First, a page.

The Bizarre

Freezer Bowl


Remember the high-flying Chargers offense from earlier? How do you think that squad fared when it was forced to play in the coldest-temperature game in NFL history? You're right! They were not good.

The Bengals and Chargers squared off in the 1981 AFC Championship Game, also known as the "Freezer Bowl," on January 10, 1982.

Let's go back back back in time:

The Freezer Bowl was not actually technically the coldest game in NFL history -- the Packers-Cowboys "Ice Bowl" of 1967 had the coldest air temperature in NFL history.

But the Freezer Bowl beat any other game in terms of wind chill -- while it was "only" negative-9 degrees outside, the wind chill of 35 mph factored in made it negative-59 degrees.

It was so cold Fouts recalled to TheMMQB.com that to this day his hands and feet hurt whenever it gets cold because of the game:

"Nothing you can do about it," [Fouts] said on the phone. "It's history. You just had to play in the game, and you had no idea this would come of it. The biggest problem, really, was there were no gloves for quarterbacks in those days. Kenny Anderson and I didn't have the luxury that day that the guys today have."


Fouts walked off the field with literal icicles hanging off his beard.

Hall of Fame tight end Kellen Winslow said the next day he "wouldn't send my dog out in that type of weather."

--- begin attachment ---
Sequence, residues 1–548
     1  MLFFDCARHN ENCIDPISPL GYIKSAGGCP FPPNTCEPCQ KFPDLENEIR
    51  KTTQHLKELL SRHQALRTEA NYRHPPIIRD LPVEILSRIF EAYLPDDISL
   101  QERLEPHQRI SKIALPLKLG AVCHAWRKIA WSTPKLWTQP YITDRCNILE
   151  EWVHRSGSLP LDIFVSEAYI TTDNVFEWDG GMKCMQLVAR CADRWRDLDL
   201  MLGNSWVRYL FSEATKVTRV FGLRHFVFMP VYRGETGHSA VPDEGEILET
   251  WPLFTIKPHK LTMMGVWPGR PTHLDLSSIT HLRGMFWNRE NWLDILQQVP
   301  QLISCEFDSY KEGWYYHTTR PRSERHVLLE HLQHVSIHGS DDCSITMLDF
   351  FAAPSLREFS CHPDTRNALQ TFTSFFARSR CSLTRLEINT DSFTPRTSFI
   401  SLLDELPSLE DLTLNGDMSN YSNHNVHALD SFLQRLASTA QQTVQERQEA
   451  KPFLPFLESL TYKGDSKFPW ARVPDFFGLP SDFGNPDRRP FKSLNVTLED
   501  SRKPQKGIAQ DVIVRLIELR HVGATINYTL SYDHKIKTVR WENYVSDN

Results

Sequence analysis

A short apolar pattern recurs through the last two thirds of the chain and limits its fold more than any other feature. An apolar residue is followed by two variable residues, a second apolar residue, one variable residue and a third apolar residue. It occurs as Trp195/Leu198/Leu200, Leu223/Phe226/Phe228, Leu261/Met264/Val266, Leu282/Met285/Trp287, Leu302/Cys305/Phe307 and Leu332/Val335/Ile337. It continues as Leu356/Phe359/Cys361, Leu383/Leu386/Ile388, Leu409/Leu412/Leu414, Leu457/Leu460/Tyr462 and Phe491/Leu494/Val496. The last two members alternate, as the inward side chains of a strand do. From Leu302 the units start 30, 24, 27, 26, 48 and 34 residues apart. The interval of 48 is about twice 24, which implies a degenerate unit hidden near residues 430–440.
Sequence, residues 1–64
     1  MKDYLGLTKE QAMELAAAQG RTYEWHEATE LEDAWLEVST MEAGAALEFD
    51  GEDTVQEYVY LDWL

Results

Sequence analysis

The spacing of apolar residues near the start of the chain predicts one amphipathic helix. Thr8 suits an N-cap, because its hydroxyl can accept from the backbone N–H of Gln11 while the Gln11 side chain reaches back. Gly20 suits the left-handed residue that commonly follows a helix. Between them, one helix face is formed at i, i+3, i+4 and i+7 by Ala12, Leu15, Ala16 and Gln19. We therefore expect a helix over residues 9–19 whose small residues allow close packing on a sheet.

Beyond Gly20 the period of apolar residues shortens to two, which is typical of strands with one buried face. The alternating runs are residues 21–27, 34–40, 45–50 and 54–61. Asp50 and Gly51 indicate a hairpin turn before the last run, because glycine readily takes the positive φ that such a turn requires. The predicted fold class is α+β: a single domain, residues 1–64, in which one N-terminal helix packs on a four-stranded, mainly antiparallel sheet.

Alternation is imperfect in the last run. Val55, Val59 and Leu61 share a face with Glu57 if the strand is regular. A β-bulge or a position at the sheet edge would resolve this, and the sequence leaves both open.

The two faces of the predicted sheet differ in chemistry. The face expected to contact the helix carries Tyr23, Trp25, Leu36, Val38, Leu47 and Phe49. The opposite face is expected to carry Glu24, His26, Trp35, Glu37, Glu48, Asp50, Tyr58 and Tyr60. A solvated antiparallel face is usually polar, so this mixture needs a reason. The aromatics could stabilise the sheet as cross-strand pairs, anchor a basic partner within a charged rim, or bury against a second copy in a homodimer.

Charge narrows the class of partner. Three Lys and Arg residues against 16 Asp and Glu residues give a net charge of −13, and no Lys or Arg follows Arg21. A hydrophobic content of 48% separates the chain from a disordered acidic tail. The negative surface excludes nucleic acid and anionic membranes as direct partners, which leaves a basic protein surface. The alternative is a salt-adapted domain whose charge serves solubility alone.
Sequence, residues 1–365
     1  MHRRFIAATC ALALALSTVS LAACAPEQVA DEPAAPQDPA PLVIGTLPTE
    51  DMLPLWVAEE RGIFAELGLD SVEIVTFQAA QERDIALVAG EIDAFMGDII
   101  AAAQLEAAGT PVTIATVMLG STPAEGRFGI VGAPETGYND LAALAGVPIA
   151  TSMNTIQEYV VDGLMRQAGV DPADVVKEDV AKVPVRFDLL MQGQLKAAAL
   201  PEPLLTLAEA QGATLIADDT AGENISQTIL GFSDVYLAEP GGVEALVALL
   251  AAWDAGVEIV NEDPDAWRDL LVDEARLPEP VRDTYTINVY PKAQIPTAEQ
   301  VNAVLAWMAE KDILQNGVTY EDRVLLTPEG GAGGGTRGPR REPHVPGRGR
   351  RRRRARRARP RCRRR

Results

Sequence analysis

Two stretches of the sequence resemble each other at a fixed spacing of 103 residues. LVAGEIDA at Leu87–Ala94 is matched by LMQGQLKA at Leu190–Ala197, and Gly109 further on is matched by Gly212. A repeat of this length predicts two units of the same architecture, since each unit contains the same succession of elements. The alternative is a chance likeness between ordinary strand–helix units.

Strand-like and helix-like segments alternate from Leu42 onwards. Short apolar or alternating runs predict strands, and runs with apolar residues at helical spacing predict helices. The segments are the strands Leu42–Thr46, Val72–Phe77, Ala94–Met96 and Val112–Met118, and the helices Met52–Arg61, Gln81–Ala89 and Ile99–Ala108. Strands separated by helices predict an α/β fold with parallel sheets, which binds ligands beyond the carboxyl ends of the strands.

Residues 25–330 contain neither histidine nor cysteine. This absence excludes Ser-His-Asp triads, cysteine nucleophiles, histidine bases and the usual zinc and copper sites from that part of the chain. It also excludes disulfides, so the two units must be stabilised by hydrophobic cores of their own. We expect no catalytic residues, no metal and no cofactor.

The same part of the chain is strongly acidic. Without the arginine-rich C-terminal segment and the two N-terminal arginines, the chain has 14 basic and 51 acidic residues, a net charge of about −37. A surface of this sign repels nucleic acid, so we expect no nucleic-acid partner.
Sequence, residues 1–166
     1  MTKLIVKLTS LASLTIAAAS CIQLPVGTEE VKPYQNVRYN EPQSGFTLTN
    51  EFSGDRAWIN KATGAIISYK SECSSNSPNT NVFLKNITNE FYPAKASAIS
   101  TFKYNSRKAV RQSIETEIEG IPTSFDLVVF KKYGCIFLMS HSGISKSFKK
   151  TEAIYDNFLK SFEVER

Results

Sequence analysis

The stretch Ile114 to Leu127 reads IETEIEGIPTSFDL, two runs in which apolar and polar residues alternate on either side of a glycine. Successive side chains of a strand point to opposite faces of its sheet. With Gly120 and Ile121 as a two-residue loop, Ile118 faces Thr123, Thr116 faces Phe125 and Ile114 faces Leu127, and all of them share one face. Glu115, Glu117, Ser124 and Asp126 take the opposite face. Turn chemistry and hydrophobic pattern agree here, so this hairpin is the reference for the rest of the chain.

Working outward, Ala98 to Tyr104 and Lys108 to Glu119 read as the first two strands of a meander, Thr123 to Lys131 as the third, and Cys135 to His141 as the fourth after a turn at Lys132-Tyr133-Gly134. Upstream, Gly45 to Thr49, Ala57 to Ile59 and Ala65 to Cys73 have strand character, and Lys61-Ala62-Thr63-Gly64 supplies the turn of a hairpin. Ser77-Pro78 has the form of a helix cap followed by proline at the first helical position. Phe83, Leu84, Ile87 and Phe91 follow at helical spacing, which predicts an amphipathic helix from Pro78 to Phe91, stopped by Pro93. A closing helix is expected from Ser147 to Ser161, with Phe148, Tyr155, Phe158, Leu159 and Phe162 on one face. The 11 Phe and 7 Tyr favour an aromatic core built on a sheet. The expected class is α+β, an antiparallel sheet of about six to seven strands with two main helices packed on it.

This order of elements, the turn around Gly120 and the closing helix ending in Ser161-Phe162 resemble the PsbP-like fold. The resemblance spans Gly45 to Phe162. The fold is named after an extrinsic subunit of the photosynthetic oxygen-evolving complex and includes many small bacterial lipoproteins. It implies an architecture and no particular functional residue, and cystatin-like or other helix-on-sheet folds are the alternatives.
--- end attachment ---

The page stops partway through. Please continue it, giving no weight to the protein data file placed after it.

San Diego punter Greg Roberts described punting the football as "like kicking bricks."

Multiple people watching the game in the stands suffered heart attacks. And yet multiple Bengals fans were hanging out in the stands without shirts on, as the Cincinnati Enquirer would recently capture in photo form.

The Bengals actually kicked off in both halves during the game. They won the toss to start the game and kicked to have the wind at their back. The Chargers took the ball in the second half but also went into the wind for the third quarter. Cincinnati, who would win 27-7, made the Super Bowl for the first time and won only their second AFC Championship.

San Diego remains without a title.

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More Good, Bad, Ugly and the Bizarre

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CBS Sports Senior Writer

Will Brinson joined CBS Sports in 2010 and enters his seventh season covering the NFL for CBS. He previously wrote for FanHouse along with myriad other Internet sites. A North Carolina native who lives... Full Bio